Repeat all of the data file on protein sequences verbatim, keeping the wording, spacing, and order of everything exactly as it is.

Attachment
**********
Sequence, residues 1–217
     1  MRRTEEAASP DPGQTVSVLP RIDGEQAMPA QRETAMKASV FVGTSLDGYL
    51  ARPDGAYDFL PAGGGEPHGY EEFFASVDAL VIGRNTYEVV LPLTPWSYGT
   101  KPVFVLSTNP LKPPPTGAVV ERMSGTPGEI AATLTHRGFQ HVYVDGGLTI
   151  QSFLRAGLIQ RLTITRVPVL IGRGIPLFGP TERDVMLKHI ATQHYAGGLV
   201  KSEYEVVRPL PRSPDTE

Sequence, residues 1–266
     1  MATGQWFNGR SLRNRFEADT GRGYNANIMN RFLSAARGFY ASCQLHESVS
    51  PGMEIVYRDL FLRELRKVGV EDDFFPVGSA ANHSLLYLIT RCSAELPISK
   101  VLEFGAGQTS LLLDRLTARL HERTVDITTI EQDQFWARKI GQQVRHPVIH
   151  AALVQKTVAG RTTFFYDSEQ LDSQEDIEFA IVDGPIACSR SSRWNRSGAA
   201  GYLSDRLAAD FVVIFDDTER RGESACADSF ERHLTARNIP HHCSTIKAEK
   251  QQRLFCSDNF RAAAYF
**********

Sequence, residues 1–217
     1  MRRTEEAASP DPGQTVSVLP RIDGEQAMPA QRETAMKASV FVGTSLDGYL
    51  ARPDGAYDFL PAGGGEPHGY EEFFASVDAL VIGRNTYEVV LPLTPWSYGT
   101  KPVFVLSTNP LKPPPTGAVV ERMSGTPGEI AATLTHRGFQ HVYVDGGLTI
   151  QSFLRAGLIQ RLTITRVPVL IGRGIPLFGP TERDVMLKHI ATQHYAGGLV
   201  KSEYEVVRPL PRSPDTE

Sequence, residues 1–266
     1  MATGQWFNGR SLRNRFEADT GRGYNANIMN RFLSAARGFY ASCQLHESVS
    51  PGMEIVYRDL FLRELRKVGV EDDFFPVGSA ANHSLLYLIT RCSAELPISK
   101  VLEFGAGQTS LLLDRLTARL HERTVDITTI EQDQFWARKI GQQVRHPVIH
   151  AALVQKTVAG RTTFFYDSEQ LDSQEDIEFA IVDGPIACSR SSRWNRSGAA
   201  GYLSDRLAAD FVVIFDDTER RGESACADSF ERHLTARNIP HHCSTIKAEK
   251  QQRLFCSDNF RAAAYF